Nutrient evolution in soil and cereal yield under different fertilization type in dryland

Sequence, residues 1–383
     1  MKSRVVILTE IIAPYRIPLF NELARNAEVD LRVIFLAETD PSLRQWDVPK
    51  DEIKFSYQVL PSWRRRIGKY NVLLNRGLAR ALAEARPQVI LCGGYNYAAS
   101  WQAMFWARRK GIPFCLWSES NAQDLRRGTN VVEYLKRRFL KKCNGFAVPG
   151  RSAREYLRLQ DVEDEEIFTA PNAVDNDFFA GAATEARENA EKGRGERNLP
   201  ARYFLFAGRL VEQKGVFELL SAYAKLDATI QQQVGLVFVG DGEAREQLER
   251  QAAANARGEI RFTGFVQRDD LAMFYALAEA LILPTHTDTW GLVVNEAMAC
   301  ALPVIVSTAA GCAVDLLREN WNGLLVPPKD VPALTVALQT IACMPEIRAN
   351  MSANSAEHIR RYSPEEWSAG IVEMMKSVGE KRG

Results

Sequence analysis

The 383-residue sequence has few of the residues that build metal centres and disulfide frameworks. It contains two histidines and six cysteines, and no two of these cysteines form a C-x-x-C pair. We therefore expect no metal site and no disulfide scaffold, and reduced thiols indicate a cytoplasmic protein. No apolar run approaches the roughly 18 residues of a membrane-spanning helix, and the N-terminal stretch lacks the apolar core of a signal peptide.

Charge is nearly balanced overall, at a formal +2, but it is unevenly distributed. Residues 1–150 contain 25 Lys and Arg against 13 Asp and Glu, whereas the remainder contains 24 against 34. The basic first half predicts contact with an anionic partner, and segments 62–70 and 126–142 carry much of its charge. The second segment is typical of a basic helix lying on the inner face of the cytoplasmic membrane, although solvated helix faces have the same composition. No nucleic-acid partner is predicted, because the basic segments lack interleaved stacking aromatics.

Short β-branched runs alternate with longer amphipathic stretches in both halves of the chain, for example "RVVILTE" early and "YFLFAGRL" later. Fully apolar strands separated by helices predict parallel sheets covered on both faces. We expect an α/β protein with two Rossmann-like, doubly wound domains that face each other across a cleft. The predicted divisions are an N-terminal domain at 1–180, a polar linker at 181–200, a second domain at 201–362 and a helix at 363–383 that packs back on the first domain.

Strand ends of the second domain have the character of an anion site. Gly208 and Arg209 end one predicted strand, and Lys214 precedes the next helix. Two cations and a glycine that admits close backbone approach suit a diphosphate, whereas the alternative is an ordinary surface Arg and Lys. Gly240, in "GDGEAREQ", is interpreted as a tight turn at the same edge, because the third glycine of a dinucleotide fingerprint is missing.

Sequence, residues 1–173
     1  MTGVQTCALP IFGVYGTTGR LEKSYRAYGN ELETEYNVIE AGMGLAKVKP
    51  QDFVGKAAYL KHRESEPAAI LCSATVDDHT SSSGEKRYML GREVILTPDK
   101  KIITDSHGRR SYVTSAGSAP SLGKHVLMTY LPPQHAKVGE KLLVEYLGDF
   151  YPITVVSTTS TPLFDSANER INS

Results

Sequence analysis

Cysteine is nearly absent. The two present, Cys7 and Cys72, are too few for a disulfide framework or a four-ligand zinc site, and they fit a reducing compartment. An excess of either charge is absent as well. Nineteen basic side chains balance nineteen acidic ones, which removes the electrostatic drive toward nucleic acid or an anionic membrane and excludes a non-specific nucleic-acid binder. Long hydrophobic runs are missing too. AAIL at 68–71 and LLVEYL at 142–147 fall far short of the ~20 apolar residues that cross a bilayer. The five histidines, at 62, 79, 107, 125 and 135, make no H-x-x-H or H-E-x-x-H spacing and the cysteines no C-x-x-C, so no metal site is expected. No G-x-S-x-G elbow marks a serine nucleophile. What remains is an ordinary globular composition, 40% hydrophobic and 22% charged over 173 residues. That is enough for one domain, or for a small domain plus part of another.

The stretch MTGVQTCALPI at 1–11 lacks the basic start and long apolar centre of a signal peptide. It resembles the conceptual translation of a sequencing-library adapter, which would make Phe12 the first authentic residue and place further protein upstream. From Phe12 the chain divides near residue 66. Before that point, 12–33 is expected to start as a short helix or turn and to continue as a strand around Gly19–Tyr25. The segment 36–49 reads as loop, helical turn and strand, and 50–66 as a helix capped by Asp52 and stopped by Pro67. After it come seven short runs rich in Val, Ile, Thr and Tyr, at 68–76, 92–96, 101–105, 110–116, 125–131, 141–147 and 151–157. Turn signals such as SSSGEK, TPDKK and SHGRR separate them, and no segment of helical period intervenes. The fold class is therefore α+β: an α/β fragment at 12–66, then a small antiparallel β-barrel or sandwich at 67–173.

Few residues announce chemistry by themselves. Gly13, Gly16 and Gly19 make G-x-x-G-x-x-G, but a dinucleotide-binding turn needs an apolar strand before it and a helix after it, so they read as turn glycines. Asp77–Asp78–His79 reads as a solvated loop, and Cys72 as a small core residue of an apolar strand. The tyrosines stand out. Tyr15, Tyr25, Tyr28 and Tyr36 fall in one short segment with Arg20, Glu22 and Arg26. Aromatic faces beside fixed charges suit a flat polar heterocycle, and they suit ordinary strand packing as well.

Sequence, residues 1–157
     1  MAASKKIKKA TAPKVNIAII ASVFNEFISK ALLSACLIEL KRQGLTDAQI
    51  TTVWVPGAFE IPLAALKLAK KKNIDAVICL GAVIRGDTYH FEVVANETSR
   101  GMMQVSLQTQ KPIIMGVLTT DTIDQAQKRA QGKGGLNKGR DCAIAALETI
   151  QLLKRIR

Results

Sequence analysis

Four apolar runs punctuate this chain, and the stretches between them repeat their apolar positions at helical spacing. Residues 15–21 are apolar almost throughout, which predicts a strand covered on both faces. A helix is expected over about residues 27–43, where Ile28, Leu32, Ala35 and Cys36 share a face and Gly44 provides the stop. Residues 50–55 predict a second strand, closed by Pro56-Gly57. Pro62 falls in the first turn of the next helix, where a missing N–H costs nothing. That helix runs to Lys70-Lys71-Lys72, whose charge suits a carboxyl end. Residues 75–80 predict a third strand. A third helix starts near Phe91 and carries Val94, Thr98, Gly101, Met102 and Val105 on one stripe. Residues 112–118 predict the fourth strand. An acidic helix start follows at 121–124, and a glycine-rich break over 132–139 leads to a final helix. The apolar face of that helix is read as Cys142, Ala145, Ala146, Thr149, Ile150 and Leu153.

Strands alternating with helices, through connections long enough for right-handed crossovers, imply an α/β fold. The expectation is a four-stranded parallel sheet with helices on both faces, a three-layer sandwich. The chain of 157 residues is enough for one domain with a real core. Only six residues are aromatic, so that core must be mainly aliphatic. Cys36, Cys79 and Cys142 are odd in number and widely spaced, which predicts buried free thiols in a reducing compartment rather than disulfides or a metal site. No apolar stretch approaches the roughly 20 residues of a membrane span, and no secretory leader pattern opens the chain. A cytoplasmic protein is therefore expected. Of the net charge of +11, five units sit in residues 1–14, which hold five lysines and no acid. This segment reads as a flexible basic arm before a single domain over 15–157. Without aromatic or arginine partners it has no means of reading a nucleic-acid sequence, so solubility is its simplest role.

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Under semiarid conditions the response of crops to synthetic fertilizers is often reduced. Organic fertilizers can be used to provide a continuous source of nutrients for the crops. The soil nitrogen and crop yield in a rotation of durum wheat (Triticum durum)–fallow-barley (Hordeum vulgare)–vetch (Vicia sativa) were studied during 4 years when synthetic fertilizer (chemical), compost (organic) or no fertilizer (control) were applied in a field with high initial contents of soil NO3–N (> 400 kg N ha−1), phosphorus (22 mg kg−1) and potassium (> 300 mg kg−1). Changes in soil organic matter, phosphorus and potassium were also measured. During the crop period, chemical fertilization significantly increased the content of soil NO3–N in the first 0.30 m of soil with respect to organic fertilization and the control. The yield of wheat and barley was not increased after applying chemical or organic fertilizer with respect to the unfertilized plots. The estimated losses of nitrogen were similar for the three types of fertilization, as well as the uptake of nitrogen for the total biomass produced. The initial levels of organic matter and phosphorus were maintained, even in the plots that were not fertilized, while the potassium decreased slightly. Thus, the rotation and burying of crop residues were enough to maintain the crop yield and the initial content of nutrients.